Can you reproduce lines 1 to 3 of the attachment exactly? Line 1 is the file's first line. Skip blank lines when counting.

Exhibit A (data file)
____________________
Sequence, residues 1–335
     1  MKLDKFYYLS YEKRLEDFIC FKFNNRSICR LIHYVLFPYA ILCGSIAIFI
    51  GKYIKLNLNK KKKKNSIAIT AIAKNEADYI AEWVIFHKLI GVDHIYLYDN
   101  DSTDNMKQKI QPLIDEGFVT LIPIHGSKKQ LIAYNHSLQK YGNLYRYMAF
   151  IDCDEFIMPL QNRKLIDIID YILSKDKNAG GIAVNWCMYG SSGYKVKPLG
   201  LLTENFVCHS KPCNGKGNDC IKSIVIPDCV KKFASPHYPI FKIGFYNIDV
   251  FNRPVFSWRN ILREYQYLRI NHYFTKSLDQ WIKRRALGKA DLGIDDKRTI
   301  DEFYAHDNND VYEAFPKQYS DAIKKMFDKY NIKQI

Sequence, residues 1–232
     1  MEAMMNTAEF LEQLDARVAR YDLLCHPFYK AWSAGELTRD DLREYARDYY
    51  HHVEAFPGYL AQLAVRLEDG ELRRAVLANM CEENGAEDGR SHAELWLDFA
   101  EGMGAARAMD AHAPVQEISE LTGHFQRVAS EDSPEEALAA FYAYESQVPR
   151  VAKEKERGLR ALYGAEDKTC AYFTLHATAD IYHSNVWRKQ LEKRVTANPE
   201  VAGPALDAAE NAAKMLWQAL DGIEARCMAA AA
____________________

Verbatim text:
Sequence, residues 1–335
     1  MKLDKFYYLS YEKRLEDFIC FKFNNRSICR LIHYVLFPYA ILCGSIAIFI
    51  GKYIKLNLNK KKKKNSIAIT AIAKNEADYI AEWVIFHKLI GVDHIYLYDN